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08/09/11 3:56 PM ET

Why was Victorino singled out for scuffle?

How is it that Shane Victorino is the only player who got suspended as a result of last Friday's on-field incident between the Giants and Phillies?

I ask because it was blatantly obvious that the Phillies were hitting Giants pitcher Ramon Ramirez hard, and because of that, he intentionally drilled Victorino in the small of his back.

As a former pitcher, I completely agree with the concept of making a hitter move his feet to keep him from becoming too comfortable in the batter's box. But I completely disagree with a pitcher who is making bad pitches and getting hit hard, becoming frustrated and hitting a batter on purpose for the mistakes he is making.

It is supposed to be judgment of the umpire as to whether a pitcher hits someone on purpose. I can tell you for a fact that Victorino was hit on purpose. All you have to do at home to know whether a pitcher hits a batter intentionally is watch -- first of all -- the reaction of the catcher, then the reaction of the pitcher.

In this case, Giants catcher Eli Whiteside did what he is supposed to do and jumped out in front of Victorino to protect his pitcher. Victorino was walking toward the mound, Ramirez took off his glove and advanced farther toward Victorino than Victorino advanced toward him. The first contact made by anyone was when Whiteside tried to tackle Placido Polanco. That was the first physical contact by either team.

The home-plate umpire had Victorino in his grasp; that is another problem I have. Why is it OK for an umpire to put his hands on a player or manager? If players and managers can't put their hands on an umpire, an umpire should not be allowed to touch a player or manager. Players know the rules: If you touch an ump, you will be suspended. The same should apply to the umpires.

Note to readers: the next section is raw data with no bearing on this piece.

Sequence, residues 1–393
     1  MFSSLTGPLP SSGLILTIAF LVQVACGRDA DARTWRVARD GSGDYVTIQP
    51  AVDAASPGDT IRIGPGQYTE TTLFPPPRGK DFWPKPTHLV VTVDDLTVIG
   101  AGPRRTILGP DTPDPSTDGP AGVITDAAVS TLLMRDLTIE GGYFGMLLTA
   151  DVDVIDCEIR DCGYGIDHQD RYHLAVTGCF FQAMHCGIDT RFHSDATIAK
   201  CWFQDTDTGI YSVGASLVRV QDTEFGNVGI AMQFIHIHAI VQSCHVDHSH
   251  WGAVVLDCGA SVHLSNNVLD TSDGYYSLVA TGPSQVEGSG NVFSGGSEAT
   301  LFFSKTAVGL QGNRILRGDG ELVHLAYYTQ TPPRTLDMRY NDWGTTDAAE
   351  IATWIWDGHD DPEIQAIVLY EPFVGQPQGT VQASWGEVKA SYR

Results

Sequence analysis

Back to my original question: Why was Victorino the only player suspended? Whiteside and Ramirez were fined; Ramirez instigated the entire thing, and Whiteside made the first physical contact -- yet they were fined, not suspended. I don't understand how they weren't both suspended as well or why Victorino simply wasn't fined, as they were.

It sends a bad message -- if you are a pitcher, making bad pitches, and the opposing team is hitting those pitches hard, it is OK to drill a batter and not have to worry about being suspended.

People claim all the time that I dislike the Giants. That couldn't be further from the truth. I really like the Giants, because they play the game the way it is supposed to be played -- hard for 27 outs. That is why they have that ring from last year.

The fact is, I don't care which team or which pitcher is on the mound; you don't hit a batter on purpose, because you are making mistakes. If you do, you should be suspended. The only reason I believe a hitter should ever be hit on purpose is if it is a situation where the pitcher is standing up for his teammates; to protect them.

In this situation, the fact no Phillies pitcher stood up for Victorino is the saddest part of the whole deal.

Mitch Williams is an analyst for MLB Network. This story was not subject to the approval of Major League Baseball or its clubs.